Homecoming and Halloween overlap at Arizona State, and the Sun Devils commemorate the occasions with an afternoon encounter against Washington State.
The Cougars (4-4, 3-2 Pac-12) visit Tempe in their second week under Jake Dickert, the interim coach replacing Nick Rolovich. Washington State gave BYU all it could handle in Dickert's first game last week before ultimately falling 21-19.
While Washington State comes into Sun Devil Stadium looking to keep its bowl aspirations alive amid a tumultuous season, Arizona State (5-2, 3-1) aims to maintain pace in the Pac-12 South divisional chase.
The Sun Devils' loss at Utah their last time out complicated their path to Las Vegas and the Pac-12 Championship Game, but the Utes dropping a decision last week at Oregon State helps. If Arizona State can win out, and Utah drops another game, ASU will land in the conference title game for the first time in eight years.
Washington State at Arizona State
Kickoff: Saturday, Oct. 30 at 3 p.m. ET
Spread: Arizona State -15.5
When Washington State Has the Ball
The Mike Leach era made Washington State synonymous with eye-popping passing numbers and, typically, the worst rushing outputs in college football. Rolovich brought the Run-and-Shoot to the Palouse, integrating much more of a ground attack despite maintaining a pass-heavy philosophy.
The shift in philosophies continuing under Dickert is evident in running back Max Borghi's last two games. Borghi rushed for 89 yards in a come-from-behind win on Oct. 16 over Stanford, then carried for all three of the Cougars' scores against BYU.
If Deon McIntosh is available on Saturday, he gives Washington State a multifaceted rushing look. Make no mistake, though: This remains an offense most reliant on the pass.
Travell Harris and Calvin Jackson Jr. have both more than 500 receiving yards on the season and a combined nine touchdown catches. Throwing on Arizona State is risky; the Sun Devils have come up with more interceptions (five) than touchdown passes allowed (four) in the last three games.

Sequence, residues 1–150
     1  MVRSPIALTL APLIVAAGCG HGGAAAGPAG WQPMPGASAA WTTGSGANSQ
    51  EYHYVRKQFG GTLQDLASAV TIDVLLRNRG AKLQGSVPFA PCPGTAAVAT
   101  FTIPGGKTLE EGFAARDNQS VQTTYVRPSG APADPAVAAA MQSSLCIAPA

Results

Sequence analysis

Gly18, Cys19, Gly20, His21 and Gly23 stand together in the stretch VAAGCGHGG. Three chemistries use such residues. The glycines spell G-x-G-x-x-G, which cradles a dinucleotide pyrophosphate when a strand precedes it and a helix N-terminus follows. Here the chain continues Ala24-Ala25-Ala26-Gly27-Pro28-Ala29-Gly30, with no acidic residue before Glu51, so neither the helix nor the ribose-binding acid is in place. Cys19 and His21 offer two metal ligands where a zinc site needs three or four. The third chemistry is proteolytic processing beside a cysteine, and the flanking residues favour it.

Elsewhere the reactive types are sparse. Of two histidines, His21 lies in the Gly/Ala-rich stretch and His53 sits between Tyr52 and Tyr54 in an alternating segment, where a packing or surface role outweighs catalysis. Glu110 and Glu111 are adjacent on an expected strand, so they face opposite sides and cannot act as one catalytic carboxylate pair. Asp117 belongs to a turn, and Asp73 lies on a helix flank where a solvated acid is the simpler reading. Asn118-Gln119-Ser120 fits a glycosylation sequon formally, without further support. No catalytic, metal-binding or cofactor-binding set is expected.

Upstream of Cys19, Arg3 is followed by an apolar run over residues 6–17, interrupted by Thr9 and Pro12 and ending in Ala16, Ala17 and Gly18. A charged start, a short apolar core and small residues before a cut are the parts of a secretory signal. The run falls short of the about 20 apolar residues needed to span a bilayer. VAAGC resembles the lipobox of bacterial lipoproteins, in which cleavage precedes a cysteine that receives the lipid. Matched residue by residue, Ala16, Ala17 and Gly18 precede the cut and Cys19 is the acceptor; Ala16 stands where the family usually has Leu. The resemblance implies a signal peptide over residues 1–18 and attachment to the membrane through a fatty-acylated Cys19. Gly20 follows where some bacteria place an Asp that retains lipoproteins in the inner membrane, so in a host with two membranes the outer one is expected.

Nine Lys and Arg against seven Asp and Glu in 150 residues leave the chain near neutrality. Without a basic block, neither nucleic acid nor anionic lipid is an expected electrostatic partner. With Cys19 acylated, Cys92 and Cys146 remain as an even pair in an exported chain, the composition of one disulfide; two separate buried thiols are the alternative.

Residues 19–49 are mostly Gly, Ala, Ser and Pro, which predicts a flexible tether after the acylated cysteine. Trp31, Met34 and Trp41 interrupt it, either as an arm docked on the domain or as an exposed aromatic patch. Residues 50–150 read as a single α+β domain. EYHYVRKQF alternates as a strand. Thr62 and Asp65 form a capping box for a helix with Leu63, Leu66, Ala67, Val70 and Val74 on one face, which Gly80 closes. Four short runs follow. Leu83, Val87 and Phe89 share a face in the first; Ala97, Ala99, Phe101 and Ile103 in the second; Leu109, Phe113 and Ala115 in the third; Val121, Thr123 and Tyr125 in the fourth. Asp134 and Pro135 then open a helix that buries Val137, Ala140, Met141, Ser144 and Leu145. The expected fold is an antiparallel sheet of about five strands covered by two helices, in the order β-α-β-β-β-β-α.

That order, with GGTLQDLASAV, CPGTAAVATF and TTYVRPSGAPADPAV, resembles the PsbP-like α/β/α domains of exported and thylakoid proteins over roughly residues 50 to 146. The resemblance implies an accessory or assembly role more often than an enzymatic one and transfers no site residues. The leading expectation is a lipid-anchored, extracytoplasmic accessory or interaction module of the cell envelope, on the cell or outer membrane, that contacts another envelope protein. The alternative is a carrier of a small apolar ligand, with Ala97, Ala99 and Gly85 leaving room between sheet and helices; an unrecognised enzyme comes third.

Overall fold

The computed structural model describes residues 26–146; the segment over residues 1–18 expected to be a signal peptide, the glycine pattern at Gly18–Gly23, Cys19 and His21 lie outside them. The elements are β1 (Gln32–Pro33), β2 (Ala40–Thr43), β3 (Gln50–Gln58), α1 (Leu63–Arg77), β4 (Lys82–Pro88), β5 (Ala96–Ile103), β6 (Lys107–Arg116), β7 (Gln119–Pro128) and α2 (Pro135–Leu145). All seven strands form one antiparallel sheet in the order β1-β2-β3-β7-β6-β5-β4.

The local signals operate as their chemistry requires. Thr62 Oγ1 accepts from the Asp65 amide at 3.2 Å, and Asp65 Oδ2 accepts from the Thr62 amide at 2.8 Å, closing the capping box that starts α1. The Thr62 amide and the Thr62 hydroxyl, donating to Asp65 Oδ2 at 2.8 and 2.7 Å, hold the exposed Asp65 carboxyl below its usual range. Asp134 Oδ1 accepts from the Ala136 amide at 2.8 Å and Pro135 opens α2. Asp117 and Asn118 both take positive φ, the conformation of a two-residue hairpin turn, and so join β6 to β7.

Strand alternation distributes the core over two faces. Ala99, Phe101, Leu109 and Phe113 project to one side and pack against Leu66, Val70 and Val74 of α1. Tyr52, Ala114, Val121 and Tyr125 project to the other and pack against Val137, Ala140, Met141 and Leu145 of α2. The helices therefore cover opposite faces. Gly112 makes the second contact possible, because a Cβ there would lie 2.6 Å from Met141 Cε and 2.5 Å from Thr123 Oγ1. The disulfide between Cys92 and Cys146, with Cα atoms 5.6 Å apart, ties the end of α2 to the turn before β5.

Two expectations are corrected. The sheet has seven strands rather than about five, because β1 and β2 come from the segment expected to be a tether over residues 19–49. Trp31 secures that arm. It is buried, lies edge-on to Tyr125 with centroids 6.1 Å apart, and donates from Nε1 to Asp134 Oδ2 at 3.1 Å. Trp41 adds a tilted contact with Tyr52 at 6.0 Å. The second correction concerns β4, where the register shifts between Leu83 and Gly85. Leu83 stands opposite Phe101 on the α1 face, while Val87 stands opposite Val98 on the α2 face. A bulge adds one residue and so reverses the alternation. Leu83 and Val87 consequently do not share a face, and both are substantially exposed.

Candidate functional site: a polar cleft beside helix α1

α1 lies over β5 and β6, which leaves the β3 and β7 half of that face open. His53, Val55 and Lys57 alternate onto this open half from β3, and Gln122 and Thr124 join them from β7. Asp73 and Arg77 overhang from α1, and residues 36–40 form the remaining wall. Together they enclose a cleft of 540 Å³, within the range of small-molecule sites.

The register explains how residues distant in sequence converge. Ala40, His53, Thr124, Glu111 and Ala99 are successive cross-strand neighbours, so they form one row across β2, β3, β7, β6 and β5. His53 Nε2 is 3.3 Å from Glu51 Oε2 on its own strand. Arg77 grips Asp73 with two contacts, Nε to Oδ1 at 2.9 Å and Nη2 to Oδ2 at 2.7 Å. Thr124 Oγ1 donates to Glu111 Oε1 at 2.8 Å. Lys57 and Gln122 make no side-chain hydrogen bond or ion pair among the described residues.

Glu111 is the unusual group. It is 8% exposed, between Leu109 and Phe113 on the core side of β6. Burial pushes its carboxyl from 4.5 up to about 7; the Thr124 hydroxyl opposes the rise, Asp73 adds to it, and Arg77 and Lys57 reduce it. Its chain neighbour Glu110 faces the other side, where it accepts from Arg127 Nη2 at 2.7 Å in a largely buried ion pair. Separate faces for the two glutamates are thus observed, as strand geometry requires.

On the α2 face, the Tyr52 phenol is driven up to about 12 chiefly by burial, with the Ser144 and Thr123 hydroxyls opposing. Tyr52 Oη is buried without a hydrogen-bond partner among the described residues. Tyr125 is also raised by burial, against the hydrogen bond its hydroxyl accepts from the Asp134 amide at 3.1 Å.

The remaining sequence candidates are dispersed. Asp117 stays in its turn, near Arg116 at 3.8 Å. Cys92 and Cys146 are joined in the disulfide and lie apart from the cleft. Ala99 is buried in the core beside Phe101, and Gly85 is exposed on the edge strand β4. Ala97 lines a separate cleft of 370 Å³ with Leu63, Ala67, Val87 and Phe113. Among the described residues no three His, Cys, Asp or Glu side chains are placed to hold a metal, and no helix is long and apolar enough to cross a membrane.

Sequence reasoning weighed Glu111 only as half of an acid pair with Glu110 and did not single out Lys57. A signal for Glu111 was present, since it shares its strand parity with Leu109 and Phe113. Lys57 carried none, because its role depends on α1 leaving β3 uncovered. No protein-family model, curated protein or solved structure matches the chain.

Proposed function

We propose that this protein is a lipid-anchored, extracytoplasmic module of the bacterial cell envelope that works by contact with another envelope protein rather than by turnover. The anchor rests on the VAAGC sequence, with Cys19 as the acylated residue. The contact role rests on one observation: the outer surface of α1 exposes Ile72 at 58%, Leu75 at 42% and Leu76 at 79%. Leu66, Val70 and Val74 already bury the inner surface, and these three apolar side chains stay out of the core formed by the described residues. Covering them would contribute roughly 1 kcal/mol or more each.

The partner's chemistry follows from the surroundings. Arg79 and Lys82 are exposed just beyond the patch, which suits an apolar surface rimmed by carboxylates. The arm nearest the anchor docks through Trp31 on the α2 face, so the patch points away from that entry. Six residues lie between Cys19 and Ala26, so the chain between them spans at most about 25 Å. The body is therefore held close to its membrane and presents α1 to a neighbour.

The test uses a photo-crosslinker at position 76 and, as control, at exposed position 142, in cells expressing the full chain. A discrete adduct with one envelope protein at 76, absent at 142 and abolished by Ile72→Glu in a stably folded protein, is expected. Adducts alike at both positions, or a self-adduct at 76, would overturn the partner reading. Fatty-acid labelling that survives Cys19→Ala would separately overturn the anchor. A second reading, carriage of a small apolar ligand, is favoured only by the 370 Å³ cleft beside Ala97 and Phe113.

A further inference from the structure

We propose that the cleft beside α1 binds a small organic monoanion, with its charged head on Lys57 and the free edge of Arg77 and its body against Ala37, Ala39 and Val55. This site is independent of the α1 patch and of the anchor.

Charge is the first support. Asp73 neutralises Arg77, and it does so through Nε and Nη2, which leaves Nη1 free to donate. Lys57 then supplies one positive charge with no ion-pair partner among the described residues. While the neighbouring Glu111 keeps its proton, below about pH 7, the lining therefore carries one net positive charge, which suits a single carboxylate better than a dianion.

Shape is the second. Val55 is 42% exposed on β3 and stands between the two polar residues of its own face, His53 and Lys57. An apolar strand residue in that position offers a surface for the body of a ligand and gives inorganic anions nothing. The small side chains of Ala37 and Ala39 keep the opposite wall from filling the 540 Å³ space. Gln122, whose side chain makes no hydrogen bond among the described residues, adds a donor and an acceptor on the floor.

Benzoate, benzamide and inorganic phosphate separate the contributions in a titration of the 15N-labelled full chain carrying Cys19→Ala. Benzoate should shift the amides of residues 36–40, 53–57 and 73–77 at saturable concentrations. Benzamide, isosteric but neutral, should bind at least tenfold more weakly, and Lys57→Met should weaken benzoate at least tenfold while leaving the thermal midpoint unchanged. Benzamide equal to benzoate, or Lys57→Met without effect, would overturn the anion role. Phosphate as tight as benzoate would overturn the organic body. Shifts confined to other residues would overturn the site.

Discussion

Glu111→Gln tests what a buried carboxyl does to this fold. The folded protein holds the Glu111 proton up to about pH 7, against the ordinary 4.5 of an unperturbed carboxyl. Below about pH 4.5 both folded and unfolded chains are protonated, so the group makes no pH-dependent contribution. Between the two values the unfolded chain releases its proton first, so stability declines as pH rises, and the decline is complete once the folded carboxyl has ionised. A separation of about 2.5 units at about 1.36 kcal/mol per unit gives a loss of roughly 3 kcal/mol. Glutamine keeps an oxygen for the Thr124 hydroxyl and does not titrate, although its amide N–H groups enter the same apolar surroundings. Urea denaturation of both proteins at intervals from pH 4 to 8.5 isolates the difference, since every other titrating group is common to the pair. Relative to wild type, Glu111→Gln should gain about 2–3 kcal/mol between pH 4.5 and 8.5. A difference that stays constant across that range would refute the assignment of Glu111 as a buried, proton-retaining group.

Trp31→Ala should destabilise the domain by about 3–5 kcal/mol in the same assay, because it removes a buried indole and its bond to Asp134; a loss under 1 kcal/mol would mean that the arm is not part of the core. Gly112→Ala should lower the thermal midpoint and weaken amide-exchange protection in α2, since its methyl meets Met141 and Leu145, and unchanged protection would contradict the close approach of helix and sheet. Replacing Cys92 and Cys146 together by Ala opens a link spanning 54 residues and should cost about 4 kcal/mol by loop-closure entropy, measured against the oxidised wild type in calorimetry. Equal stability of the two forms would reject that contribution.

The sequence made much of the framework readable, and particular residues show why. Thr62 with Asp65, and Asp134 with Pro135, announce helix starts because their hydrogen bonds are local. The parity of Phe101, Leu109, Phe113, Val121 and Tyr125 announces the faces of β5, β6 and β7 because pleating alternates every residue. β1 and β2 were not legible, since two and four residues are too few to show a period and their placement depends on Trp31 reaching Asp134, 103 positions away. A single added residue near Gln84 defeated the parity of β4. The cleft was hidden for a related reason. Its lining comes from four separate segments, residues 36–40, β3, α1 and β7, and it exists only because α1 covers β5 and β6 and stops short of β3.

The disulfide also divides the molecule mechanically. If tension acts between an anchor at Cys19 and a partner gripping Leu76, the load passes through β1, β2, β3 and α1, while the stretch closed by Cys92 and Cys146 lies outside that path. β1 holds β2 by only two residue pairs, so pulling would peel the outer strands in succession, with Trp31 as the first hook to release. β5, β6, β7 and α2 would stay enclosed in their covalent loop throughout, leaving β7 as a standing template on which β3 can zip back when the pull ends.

Linebacker Darien Butler's ability to drop back and defend the pass as effectively as he contains the run gives the Sun Devils versatility that can be difficult to counter. Butler leads ASU with three picks.
When Arizona State Has the Ball
Quarterback Jayden Daniels garnered some modest Heisman Trophy buzz heading into the 2021 season. He has been nowhere near that level, particularly in the passing game with six touchdowns against three interceptions and a little more than 215 yards per game. But his mobility has been vital to the dangerous, multi-dimensional look the Sun Devils have ridden to the nation's No. 30 rushing production.
Daniels complements Rachaad White, Daniyel Ngata, and the recently returned from injury Chip Trayanum. The diversity of Arizona State's run game figures to present problems for a Washington State defense allowing 4.5 yards per carry and 166.4 yards per game.
The Cougars have been much better defending the pass with almost as many picks (seven) as touchdowns allowed (nine) and a 59.8 percent opponents' completion rate. Washington State could load the box to test Daniels' arm, but the difficulty in that is opening up the field to explosive plays.
Wide receiver Ricky Pearsall scorched UCLA on Oct. 2, which loaded up against the run and played soft on the receivers, with 132 yards on four receptions and two touchdowns. And Washington State, despite its overall solid numbers, has allowed the most 30-plus-yard passing plays of any team in the Pac-12 with 13.
Arizona State looked ready to cruise to a Pac-12 South title after rolling over UCLA, but the loss at Utah exposed the Sun Devils' most glaring issue: consistency.
Arizona State has one of the most talented rosters in the Pac-12 but can sputter through mental errors and penalties. Should the Sun Devils avoid those issues against Washington State, they should become bowl eligible and maintain their presence atop the division standings.
Prediction: Arizona State 34, Washington State 21
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